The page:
People are fascinated by colors – whether in art, nature, fashion or, of course, the sciences. While there’s no doubt that colors can elicit certain emotions and associations, where exactly is the line between our gut feeling and actual science?
There have already been studies on this subject. Now, ZEISS Sunlens has commissioned two more for four specific colors. They confirm that tinted lenses have a demonstrable effect on our physiology and psychology, i.e. on our body and mind. Working together with the ZEISS Vision Science Lab in Tübingen, ZEISS Sunlens has developed a new portfolio called ZEISS BioChrom featuring four special colors for tinted lenses. These lenses not only offer UV protection but also positively impact our mood, performance and sense of well-being. This is important because market research from ZEISS has shown that consumers increasingly ask for products that complement a healthy lifestyle, resonate emotionally and increase performance.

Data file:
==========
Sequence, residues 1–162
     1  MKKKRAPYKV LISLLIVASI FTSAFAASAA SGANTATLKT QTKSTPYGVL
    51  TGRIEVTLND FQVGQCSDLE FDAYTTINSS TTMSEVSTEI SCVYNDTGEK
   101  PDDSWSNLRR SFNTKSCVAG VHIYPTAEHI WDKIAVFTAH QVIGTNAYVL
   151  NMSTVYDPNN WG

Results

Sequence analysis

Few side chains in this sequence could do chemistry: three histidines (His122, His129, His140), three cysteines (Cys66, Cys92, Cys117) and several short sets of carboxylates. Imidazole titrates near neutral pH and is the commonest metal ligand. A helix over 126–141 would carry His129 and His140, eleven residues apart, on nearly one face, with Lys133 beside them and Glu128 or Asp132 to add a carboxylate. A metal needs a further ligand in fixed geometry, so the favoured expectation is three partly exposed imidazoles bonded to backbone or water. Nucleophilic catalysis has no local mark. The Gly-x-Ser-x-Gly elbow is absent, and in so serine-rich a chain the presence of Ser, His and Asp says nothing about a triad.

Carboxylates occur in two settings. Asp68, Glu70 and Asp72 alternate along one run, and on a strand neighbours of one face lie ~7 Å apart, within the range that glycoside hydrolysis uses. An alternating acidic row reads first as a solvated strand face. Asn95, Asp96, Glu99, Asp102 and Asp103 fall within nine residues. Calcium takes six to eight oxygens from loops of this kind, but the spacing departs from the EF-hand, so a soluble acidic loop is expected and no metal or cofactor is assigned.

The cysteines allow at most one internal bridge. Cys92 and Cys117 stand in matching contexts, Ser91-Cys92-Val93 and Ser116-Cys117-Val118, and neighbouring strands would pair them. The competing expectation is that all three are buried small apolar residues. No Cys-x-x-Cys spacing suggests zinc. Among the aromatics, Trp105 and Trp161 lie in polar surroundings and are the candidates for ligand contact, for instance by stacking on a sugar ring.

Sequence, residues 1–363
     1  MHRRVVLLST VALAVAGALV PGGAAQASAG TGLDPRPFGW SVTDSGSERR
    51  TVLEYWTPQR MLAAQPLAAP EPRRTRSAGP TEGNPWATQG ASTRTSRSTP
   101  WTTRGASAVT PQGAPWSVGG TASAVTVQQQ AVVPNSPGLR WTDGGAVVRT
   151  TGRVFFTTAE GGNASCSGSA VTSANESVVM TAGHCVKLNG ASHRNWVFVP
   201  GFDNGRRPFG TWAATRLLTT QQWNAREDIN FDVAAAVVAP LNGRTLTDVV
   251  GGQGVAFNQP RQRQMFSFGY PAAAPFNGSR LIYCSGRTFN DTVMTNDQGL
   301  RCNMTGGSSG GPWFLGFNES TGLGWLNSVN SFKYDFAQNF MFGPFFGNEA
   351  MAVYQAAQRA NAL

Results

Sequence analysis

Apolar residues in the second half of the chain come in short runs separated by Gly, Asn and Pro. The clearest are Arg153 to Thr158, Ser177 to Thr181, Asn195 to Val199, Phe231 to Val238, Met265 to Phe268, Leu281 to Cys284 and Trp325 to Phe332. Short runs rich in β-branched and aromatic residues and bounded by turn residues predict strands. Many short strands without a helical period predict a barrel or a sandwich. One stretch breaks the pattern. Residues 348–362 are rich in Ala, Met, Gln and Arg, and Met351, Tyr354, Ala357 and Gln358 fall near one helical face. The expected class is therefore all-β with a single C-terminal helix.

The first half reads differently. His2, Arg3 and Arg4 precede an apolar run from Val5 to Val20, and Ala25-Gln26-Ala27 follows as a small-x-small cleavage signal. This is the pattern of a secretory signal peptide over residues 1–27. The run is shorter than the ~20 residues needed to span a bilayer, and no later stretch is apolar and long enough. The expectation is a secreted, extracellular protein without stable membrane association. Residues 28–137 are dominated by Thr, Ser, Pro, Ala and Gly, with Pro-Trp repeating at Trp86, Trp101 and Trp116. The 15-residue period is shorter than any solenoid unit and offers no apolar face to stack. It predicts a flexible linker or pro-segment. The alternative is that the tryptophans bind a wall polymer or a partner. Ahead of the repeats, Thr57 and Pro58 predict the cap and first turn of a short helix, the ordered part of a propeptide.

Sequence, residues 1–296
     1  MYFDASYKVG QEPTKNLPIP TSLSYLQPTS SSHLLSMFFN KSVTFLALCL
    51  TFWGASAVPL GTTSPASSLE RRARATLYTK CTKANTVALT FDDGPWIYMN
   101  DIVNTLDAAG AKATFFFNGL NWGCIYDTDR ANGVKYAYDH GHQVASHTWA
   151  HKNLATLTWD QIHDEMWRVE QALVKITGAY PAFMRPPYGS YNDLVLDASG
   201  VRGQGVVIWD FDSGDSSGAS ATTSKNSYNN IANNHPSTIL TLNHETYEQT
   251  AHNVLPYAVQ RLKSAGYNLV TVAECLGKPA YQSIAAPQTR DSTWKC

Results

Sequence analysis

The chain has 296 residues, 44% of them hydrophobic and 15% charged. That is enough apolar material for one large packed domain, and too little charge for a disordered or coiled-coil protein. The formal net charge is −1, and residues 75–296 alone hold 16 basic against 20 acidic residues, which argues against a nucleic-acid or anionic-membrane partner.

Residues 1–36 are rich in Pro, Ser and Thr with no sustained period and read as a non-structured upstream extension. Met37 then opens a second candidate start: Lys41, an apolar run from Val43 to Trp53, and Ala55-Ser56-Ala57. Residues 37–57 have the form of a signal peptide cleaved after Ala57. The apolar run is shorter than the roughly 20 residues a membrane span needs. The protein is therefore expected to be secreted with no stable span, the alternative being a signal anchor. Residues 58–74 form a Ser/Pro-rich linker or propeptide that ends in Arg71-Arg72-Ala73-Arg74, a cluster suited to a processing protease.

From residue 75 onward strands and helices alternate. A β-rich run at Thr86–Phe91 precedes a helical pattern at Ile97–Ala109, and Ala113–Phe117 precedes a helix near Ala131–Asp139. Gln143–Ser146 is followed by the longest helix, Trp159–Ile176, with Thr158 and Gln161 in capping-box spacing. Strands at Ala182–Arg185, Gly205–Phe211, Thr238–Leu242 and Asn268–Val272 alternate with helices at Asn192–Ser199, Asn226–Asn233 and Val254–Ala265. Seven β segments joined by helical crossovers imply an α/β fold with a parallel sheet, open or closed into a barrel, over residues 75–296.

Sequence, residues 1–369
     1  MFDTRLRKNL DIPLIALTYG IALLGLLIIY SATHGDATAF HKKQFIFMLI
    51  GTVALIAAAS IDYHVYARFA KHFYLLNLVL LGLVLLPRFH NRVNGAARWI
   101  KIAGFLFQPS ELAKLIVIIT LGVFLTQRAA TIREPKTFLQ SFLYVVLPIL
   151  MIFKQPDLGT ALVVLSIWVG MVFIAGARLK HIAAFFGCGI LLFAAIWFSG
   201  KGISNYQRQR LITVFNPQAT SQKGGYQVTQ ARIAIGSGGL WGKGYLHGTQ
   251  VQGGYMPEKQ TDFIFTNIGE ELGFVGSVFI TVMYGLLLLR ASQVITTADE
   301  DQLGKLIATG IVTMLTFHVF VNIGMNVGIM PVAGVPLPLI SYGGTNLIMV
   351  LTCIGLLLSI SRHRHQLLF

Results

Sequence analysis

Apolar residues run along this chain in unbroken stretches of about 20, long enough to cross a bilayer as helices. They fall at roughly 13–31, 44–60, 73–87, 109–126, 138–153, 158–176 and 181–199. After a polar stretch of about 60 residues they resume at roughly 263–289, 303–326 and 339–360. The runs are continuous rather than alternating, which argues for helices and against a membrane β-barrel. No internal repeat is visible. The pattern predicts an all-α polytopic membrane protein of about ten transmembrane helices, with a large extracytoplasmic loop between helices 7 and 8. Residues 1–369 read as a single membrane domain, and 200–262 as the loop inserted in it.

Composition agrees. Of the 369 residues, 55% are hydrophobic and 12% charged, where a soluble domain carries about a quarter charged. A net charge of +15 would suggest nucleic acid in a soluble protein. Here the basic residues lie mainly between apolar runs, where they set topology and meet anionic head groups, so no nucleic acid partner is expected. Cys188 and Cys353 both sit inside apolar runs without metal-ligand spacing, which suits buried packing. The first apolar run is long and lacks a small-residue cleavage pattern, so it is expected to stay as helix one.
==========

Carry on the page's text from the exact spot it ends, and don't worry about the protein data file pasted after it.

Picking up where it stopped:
Traditionally, a lot of colors have been associated with a specific function – even if these vary from one culture to the next. Whoever intends to avoid making too much of a fashion statement with their sunglasses and wants realistic color perception opts for brown or gray lenses. These are the two tints usually recommended at an eye care professional’s (ECP) office. Pilots, meanwhile, seem to always go for green lenses. The emperor Nero supposedly watched gladiator fights while looking through a transparent green stone since it was purportedly better for your eyes. A green found in nature, such as that of a forest in springtime, was said to have restorative qualities. In the first half of the 19th century, green and blue lenses were worn in the parlor – the wearers thought these would make them feel refreshed. Gamers who spend hours playing online opt for lenses with a yellow tint. These lenses supposedly increase concentration while also protecting against potentially damaging blue light. And what about someone who wears rose-colored glasses: is this person really more optimistic? Could there be something to all this? One thing is certain: just how colors affect us varies enormously from person to person and depends on the particular situation. But the fact of the matter is that studies have confirmed real effects.